Additionally, you are not limited to enrollment in only one QSA or PVP program.  For some producers, it may be feasible to participate in more than one program to broaden marketing options if requirements for the programs are similar.  Keep in mind, though, that participation is not free, so you will need to weigh the benefits of broadening your marketing options with the costs of participation and record keeping for separate programs.  Do your homework and ask questions about where your calves can be marketed under each program you are considering.

  • Figure 1
  • Figure 1.  USDA Process Verified Programs for Beef Sorted by Claim and by PCT Use, February 19, 2008.
  • Figure 2
  • Figure 2.  USDA Approved Quality System Assessment Programs Sorted by Use of Program Compliant Eartags, February 19, 2008.


Issues for Cow/calf producers

Cattle must be enrolled in a QSA or PVP program for source and age verification before leaving the farm or ranch of their birth to maintain export eligibility. Thus, only the cow/calf producer can enroll their calves in these programs. Though the information required is probably the same for most programs, each QSA or PVP likely has its own record-keeping forms to be used.  At a minimum, QSA and PVP programs with source and age verification will require detailed birth records. Calf birthdates can be documented in one of two ways.  The first is to document birthdates of the first and last calves from your herd’s calving season. The entire calf crop from your herd for that calving season is then assigned the first calf’s birth date.  Alternatively, you can document individual calf birth dates for the entire calf crop. One implication for cow/calf producers is that if you do not have and/or do not wish to have a defined calving season, you will need to keep individual calf birth records in order to qualify cattle for source and age verification. Keep in mind that, in some programs, additional benefits may be received from having kept detailed calving records, including such information as dam and calf individual identification, calving date, and sex of each calf.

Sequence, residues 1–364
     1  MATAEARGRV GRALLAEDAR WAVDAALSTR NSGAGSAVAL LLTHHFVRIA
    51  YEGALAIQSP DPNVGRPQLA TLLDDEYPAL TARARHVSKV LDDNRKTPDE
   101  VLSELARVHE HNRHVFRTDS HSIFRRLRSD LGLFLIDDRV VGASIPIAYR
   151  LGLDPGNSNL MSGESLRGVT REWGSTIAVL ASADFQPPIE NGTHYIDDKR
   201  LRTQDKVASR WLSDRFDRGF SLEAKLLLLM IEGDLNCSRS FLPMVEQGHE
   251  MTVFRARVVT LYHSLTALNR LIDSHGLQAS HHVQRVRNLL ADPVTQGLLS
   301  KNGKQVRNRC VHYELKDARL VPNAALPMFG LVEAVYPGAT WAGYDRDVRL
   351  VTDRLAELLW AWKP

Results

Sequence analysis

Tags used for individual animal identification differ among programs as well, though there are some that allow you to choose your own tags.  If your operation maintains multiple herds and you assign calf age using the group birth date system, then the oldest calf age across herds will be the “group age” for all calves from your herds unless you document individual birthdates for all calves or enroll each herd as a separate farm or ranch.  All cattle within a group must have the unique group identification. Cattle presented for individual age verification must also have individual animal identification.


Lastly, your records should be “audit-worthy” since USDA requires annual audits of at least 10% of program participants.  In addition to birthdates, supporting records for audit purpose might include documentation of information such as cow-inventory, AI records, and bull-turnout records.  All records must be kept for a minimum of three years.


Issues for Stocker/Backgrounders

Stocker/backgrounders who wish to invest in and market source and age verified cattle eligible for export with cattle that do not have PCTs must also go through application and likely on-site certification to become approved suppliers under a QSA or PVP program. Any transfer of cattle must be with other approved suppliers in the program so the chain of custody is not broken.  Stocker and backgrounder operations must ensure both their cattle sources and buyers are approved suppliers to maintain export eligibility. If you buy calves from the same ranch or group of ranches on a regular basis, inquire whether they are or would be interested in enrolling their calves in a PVP or QSA program for source and age verification.  That said, you may pay a premium for calves participating in an export eligible program.